Austin J. Wishart, Associate Member, University of Cincinnati Law Review
In 2018, the Supreme Court set a new precedent in public sector labor law when it decided Janus v. AFSCME. Overturning the Court’s prior decision in Abood v. Detroit Board of Education, the Court in Janus relied on both First Amendment jurisprudence and longstanding precedent surrounding labor law developed under the National Labor Relations Act (“NLRA”) and Railroad Labor Act (“RLA”). While many of the early cases considering these statutes established the canon of labor law as it exists today, early cases turned on the stark de jure racial divides that existed in the New Deal era. These cases have left confusion in labor law jurisprudence, with racially motivated decisions creating the bedrock for pro-labor policy, racially progressive decisions creating precedent hostile to labor organizations, and everything in between. This article will examine one of the early labor law cases as an example of a potentially problematic precedent that impacts modern labor law.
Passed in 1926, the RLA governs the labor relations of railroad employees and employers. Soon after the RLA was passed, employees, employers, and labor organizations disagreed on ambiguous aspects of the Act. One of these disagreements culminated in the Supreme Court’s 1944 decision in Steele v. Louisville & Nashville Railway Co. The Court was tasked with deciding whether the RLA imposes on a labor organization (the exclusive bargaining representative of a group of railway employees) the duty to represent all the employees in the field regardless of race. The Court also questioned whether courts have the power to protect minority racial groups when their interests are not protected by a labor organization obligated to do so. 
Steele featured a union, the Brotherhood of Locomotive Firemen & Enginemen (the “Brotherhood”), as the exclusive bargaining representative of the craft of firemen employed by the Louisville & Nashville Railway Co. (the “Railroad”). The Brotherhood, an explicitly white organization, had a policy in place to exclude Black firemen from membership. While a majority of the firemen employed by the railroad were white and, per the explicit policy of the Brotherhood, allowed to be members of the union, a minority of the firemen were Black and thus excluded. Because the white majority had lawfully decided on the Brotherhood as the workforce’s exclusive bargaining representative, the Black minority was bound to be represented by and pay into an organization that they themselves could not join.
The Brotherhood served a notice on the Railroad that it would be amending its existing collective bargaining agreement in such a manner that would exclude all Black workers from continuing employment as firemen for the Railroad. Following countless examples of unfair treatment by both management and the Brotherhood, Black firemen filed suit. They alleged that the Brotherhood had, in its role as the exclusive bargaining representative under the RLA, an obligation to represent all firemen at the Railroad impartially and in good faith, and that by excluding Black workers from bargaining negotiations, this duty was violated. Specifically, the plaintiffs alleged that the Brotherhood was hostile and disloyal to the Black workers, deliberately discriminated against them, sought to deprive them of their seniority rights, and sought to drive them out of employment.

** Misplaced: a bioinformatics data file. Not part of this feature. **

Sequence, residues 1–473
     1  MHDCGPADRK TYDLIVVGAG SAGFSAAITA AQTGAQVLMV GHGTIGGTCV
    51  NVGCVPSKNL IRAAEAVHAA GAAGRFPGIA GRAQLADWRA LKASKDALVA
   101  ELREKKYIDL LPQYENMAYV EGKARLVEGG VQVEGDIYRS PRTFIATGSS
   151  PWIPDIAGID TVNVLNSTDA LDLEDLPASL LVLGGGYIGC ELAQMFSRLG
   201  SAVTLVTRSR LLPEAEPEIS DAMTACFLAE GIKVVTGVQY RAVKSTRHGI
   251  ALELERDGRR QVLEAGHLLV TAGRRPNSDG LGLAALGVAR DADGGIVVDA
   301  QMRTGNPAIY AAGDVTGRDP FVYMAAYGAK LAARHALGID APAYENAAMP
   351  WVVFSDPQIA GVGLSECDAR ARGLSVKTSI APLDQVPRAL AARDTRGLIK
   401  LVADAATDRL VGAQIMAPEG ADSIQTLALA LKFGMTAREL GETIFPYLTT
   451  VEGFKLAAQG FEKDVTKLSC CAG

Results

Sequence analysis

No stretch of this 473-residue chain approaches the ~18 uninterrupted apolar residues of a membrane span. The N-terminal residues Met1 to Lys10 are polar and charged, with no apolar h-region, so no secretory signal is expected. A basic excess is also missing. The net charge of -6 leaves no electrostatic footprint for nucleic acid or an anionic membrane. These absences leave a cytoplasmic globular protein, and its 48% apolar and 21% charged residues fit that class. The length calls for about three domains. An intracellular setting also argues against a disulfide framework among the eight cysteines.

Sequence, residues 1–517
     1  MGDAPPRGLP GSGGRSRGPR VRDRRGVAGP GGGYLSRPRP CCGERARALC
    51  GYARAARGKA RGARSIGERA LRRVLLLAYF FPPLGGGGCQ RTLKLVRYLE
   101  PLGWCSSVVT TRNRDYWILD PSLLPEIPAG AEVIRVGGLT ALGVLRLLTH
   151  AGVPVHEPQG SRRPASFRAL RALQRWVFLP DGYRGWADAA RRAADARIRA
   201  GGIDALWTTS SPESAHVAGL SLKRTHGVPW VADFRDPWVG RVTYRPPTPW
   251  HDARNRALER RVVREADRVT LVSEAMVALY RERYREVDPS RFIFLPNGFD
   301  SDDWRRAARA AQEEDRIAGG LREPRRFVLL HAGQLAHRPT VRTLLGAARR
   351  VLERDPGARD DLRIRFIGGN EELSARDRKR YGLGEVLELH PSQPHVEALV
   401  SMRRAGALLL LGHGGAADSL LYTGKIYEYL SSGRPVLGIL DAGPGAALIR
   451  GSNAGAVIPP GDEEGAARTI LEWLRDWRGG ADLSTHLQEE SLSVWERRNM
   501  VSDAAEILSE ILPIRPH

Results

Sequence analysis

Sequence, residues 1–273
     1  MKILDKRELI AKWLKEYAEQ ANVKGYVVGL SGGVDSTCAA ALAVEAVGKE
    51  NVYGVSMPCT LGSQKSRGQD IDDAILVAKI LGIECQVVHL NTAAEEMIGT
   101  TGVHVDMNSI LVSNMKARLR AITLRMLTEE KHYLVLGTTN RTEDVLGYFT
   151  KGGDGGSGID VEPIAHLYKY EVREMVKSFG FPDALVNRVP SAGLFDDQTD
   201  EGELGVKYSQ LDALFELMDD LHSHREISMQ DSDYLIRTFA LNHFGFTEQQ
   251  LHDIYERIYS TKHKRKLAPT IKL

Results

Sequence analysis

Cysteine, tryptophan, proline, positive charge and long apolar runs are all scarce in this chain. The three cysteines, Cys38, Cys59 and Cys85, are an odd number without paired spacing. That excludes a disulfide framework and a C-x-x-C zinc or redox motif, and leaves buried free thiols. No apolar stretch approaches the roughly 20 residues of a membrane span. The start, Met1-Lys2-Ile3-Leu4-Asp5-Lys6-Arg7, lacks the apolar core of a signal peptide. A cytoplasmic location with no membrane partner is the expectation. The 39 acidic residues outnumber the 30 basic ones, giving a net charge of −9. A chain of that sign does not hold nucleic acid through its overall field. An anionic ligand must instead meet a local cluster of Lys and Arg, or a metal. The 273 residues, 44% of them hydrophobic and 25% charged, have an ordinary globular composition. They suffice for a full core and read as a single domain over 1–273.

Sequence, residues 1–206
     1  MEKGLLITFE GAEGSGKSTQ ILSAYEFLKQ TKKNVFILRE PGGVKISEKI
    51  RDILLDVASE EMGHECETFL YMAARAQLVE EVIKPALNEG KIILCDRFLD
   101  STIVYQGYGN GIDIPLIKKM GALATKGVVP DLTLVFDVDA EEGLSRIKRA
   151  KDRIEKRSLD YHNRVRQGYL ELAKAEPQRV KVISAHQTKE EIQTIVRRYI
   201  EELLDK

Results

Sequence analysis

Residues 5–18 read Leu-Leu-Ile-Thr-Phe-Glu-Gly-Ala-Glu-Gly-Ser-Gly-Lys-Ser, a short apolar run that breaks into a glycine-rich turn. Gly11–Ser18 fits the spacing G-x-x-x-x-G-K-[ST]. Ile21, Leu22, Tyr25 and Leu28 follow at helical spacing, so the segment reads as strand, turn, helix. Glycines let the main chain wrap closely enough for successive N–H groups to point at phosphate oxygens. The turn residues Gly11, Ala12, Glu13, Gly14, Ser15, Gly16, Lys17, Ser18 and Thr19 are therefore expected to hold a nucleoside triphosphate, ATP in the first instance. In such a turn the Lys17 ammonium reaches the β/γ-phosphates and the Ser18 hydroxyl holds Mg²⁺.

While the Supreme Court of Alabama held that neither the Brotherhood nor the Railroad violated any rights of the petitioners by negotiating the contracts discriminating against them, the U.S. Supreme Court was not so easily swayed. Instead, the Court found that the labor organization chosen to represent the craft or class of employees is chosen, per the RLA, to represent all of its members, regardless of their affiliations. The Court reasoned that, unless the Brotherhood owes some duty to represent non-union members of the craft, the Black firemen at the Railroad would be left with no means of protecting their employment interests. Further, in light of the plain language of the RLA and the purposes on which the Act was passed, the Court found that Congress intended to impose upon such labor organizations the duty to exercise the power conferred upon them by the majority of workers without hostile discrimination against the minority.
While the validity of the Court’s decision in Steele has faced minor questioning in the circuit courts, the decision stands as valid precedent, and the principles espoused by the decision stand as bedrock principals in modern labor law. This places the pro-labor and anti-discrimination legal writer between two difficult conclusions. On one hand, the Court in Steele defended the right of minority workers under the RLA to be represented when the exclusive bargaining representative elected by the majority acted discriminatorily. Conversely, the Steele decision enshrined precedent of the “free rider” problem in labor law and paved the way for future decisions requiring labor unions to represent individuals who refuse to pay their fair share. This is a complex issue, with a variety of proposed solutions.